SELKIRK -- Fitting it would provide some uncomfortable moments during an innocent media scrum, considering the whole premise of the subject is rooted in awkward.
Borat. Borat Sagdiyev. Perhaps you've heard of the movie that bears his name?
"I heard about it ... it's not shown there," offered Kazakhstan team leader and coach Sergey Solovyev Monday. "I didn't see this and I don't know what the film is about."
Borat (Sacha Baron Cohen) is a Kazakh reporter making his way across the United States. Along the way he encounters real people, unsuspecting souls who aren't in on the gag, and documents the exchanges. The movie is genius, not for the story but for the response it evokes in the viewer. You know the cringing feeling you get when watching the forced, mindless banter between the deskers at the end of the 6 o'clock newscast?
Multiply that by a thousand. Laugh or leave the room.
Solovyev, God bless him, tried to appease the questioner with a more extended answer, suggesting that any publicity that would distinguish his small populated country from the other 'Stans (Pakistan, Uzbekistan) is a good thing, but as he struggles to provide thoughts on something he hasn't seen, he's interrupted.
"Why go there? I explain to (the team) that they are very popular," the translator jumps in, obviously bothered by the non-women's hockey subject and the portrayal of Kazakh people in the film. "We went to the car show (in Winnipeg Sunday) and everybody wants to see. They announced that the Kazakhstan team is there and I explained why they would be popular there because of the movie. It's definitely not something they would like.
"It's not the (right) way to portray (Kazakhstan)."
Suddenly the awkward levels in the room went up. Our own Borat moment.
The next day the Selkirk media liaison at the World Women's Hockey Championships informed the press that the Kazakhstan team, a slight fan-favourite in Steeltown during a 9-0 loss to the U.S. Tuesday night, would not comment on anything Borat for the rest of the tournament. Players have not seen the movie and being asked to submit a review with every interview would be as productive as asking the Chinese women for their thoughts on where a Bomber stadium should be built.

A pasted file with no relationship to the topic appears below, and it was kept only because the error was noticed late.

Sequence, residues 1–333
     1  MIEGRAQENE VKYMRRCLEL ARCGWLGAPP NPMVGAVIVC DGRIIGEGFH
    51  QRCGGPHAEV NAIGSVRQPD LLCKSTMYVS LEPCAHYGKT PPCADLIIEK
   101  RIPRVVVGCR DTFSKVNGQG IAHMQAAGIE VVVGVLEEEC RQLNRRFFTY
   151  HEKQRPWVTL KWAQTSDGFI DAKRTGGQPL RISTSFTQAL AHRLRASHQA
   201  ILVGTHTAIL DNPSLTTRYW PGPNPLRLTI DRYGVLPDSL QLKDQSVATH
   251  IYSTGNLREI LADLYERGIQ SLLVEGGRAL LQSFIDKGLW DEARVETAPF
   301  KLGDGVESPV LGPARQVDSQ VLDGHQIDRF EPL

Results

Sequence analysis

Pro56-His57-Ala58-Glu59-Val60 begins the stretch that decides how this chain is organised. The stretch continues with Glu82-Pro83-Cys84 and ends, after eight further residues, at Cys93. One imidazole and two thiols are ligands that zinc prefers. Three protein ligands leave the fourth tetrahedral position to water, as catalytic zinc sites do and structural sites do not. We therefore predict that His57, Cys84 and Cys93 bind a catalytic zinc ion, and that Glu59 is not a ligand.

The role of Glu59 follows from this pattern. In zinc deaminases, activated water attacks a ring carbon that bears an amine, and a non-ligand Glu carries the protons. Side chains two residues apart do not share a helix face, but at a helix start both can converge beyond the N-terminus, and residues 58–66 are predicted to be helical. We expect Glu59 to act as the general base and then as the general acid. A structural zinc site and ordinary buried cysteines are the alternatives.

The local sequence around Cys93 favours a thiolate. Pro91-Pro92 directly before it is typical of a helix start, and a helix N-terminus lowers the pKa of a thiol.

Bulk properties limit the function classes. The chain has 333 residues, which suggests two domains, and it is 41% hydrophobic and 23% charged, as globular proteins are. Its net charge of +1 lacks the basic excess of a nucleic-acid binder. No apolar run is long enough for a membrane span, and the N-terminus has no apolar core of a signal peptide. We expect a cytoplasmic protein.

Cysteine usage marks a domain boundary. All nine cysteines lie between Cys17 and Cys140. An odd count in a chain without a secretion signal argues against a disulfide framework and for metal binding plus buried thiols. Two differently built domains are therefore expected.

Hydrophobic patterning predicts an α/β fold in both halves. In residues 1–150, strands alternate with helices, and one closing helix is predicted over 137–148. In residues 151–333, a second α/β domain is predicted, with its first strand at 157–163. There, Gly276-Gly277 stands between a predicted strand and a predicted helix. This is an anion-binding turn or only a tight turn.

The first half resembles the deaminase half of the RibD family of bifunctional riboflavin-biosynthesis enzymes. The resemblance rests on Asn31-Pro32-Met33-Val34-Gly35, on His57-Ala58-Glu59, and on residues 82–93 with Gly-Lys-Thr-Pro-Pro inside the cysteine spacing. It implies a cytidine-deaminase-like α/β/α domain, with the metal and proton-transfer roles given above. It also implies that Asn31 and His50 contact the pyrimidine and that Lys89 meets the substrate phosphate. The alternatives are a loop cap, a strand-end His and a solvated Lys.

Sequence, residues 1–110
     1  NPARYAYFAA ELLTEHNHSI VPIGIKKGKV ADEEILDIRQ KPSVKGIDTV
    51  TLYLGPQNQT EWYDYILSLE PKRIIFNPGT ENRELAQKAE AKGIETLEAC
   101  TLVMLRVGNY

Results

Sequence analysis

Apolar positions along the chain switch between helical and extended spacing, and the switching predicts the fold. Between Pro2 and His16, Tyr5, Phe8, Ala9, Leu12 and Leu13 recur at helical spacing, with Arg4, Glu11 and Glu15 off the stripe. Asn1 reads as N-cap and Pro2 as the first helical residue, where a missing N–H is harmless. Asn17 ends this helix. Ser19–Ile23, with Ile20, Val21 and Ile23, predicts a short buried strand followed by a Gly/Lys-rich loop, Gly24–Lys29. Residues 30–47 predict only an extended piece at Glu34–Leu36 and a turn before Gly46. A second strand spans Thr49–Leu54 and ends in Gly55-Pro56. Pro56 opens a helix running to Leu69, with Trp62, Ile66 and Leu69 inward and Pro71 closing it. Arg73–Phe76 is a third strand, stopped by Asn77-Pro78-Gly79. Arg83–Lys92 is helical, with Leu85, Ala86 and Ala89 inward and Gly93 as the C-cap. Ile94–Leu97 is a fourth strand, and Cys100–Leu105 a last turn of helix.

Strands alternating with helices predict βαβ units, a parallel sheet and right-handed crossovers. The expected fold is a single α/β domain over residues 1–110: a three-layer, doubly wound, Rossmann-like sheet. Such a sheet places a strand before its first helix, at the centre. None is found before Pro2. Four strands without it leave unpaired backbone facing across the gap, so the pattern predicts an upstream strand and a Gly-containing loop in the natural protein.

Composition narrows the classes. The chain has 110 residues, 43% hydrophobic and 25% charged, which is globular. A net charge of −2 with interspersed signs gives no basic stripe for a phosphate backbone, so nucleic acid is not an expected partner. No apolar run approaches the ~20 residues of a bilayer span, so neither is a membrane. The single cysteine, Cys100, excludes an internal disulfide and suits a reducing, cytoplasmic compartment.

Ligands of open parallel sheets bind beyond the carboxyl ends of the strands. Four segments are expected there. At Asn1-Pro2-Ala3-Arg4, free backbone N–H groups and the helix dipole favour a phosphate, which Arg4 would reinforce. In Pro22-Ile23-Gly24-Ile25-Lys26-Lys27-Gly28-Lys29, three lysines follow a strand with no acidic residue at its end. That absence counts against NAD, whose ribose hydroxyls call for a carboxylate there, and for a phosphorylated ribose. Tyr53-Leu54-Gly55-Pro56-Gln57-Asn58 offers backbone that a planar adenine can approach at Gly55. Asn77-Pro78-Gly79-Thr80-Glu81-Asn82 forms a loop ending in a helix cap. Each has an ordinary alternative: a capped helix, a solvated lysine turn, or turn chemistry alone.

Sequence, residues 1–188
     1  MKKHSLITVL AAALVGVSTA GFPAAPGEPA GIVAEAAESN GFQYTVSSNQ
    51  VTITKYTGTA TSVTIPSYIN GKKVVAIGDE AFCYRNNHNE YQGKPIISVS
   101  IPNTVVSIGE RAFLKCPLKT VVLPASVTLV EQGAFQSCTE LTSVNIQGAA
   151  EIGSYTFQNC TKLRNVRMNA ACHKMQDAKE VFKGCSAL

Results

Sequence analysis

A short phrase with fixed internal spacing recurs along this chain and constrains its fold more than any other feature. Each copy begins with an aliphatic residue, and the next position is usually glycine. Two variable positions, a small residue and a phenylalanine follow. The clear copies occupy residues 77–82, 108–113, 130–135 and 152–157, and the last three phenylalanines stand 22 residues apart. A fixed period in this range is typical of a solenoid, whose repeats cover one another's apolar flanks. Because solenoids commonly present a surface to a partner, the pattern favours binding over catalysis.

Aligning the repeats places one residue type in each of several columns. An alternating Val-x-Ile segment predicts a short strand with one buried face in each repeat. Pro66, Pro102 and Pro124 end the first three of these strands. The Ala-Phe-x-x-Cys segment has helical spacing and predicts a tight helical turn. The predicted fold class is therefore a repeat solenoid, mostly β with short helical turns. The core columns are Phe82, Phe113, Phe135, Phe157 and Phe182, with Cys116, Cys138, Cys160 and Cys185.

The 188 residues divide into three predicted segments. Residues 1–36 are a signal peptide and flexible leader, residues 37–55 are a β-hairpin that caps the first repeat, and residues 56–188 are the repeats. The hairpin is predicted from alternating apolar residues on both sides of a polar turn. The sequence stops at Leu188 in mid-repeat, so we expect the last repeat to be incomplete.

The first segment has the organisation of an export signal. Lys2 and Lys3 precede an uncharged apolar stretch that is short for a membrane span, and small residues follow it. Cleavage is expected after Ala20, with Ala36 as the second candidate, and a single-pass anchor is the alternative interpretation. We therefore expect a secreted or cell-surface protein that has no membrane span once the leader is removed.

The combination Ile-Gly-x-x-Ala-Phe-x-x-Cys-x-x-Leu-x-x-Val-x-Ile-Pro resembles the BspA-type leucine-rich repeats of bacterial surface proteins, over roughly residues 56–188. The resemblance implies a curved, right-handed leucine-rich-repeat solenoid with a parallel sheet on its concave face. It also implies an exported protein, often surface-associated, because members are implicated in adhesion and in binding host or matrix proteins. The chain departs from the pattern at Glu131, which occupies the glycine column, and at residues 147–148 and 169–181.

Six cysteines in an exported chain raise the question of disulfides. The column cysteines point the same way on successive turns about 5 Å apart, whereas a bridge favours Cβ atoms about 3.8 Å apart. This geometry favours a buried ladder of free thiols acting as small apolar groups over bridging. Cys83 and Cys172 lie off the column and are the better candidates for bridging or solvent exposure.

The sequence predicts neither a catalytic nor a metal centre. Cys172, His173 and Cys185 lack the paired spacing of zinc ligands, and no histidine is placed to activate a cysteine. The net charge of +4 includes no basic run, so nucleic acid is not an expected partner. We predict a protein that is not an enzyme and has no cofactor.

It's understandable why the Kazakh handlers would make the request. Past the laughs and the uneasy emotion it produces, the movie is actually a dig at the western world's inability to deal with people whose cultures differ from our own, but the premise is only exposed through the over-the-top inappropriate (borderline embarrassing) behaviour of the main character. The 2006 film is reportedly discouraged from being shown in Kazakhstan, as on the surface, it doesn't exactly depict their people in a favourable light.
Look at it this way: Imagine if Canadians were portrayed as tuque-wearing, Molson-guzzling, Geddy Lee-loving, hockey crazed hosers who cook back-bacon on a Coleman at the side of the couch, debating things like snow tires and donuts while accidentally asking questions not with question marks but with the utterance of "eh" at the end of each sentence. How would that take off in the Great White North?